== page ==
Reuters: General Abdelaziz Jassim al-Shalal, "the head of Syria's military police, has defected from the army and declared allegiance to the uprising against President Bashar al-Assad, according to a video and a Syrian security source. The high-level defection, while not a strategically significant development in the 21-month-old conflict, will be a blow to morale for Assad's forces, which are hitting back at a string of rebel advances across the country."
New York Times: the Japanese "Parliament formally elected Shinzo Abe as prime minister on Wednesday, ending a three-year break from decades of near-constant rule by his conservative Liberal Democratic Party."
AP: "The ex-con turned sniper who killed two firefighters wanted to make sure his goodbye note was legible, typing out his desire to 'do what I like doing best, killing people' before setting the house where he lived with his sister ablaze, police said. Police Chief Gerald Pickering said Tuesday that the 62-year-old loner, William Spengler, brought plenty of ammunition with him for three weapons including a military-style assault rifle as he set out on a quest to burn down his neighborhood just before sunrise on Christmas Eve."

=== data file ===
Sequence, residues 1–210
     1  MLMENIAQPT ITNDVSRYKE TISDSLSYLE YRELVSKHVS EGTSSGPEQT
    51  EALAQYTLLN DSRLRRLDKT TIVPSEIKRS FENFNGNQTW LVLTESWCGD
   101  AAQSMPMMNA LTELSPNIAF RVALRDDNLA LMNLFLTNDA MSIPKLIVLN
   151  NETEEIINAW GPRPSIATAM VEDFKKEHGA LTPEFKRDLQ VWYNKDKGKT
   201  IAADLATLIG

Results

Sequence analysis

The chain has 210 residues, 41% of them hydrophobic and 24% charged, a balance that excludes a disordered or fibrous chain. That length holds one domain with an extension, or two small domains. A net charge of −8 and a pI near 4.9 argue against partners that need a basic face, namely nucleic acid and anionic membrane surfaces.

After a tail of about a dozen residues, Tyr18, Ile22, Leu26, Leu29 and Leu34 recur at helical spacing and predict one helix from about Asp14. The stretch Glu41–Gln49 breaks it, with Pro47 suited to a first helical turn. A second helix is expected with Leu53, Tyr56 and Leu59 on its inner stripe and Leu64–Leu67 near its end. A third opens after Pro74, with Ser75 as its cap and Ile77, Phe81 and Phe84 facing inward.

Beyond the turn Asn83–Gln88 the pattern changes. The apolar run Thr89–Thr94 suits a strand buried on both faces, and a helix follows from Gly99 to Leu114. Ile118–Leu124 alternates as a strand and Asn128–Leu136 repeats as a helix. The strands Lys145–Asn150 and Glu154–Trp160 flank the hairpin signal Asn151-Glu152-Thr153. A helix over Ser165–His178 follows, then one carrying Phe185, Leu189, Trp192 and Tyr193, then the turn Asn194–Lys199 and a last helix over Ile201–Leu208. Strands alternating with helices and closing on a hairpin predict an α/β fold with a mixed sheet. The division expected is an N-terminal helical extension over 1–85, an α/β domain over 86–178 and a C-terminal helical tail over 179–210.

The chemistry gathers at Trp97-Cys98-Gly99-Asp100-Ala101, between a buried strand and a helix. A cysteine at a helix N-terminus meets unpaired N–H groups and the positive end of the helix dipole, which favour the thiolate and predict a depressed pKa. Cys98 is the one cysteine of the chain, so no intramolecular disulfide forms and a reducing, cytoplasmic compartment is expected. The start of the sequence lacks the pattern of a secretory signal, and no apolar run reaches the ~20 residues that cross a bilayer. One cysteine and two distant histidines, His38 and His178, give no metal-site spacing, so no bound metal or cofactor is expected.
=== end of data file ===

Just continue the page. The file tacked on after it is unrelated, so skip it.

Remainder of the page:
AP: "The upper chamber of Russia's parliament has voted unanimously in favour of a measure banning Americans from adopting Russian children. It now goes to the president, Vladimir Putin, to sign or turn down.... Some senior government officials, including the foreign minister, have spoken against the bill, arguing that it would be in violation of Russia's constitution and international obligations."
New York Times: "Charles Durning, who overcame poverty, battlefield trauma and nagging self-doubt to become an acclaimed character actor, whether on stage as Big Daddy in 'Cat on a Hot Tin Roof' or in film as the lonely widower smitten with a cross-dressing Dustin Hoffman in 'Tootsie,' died on Monday at his home in Manhattan. He was 89."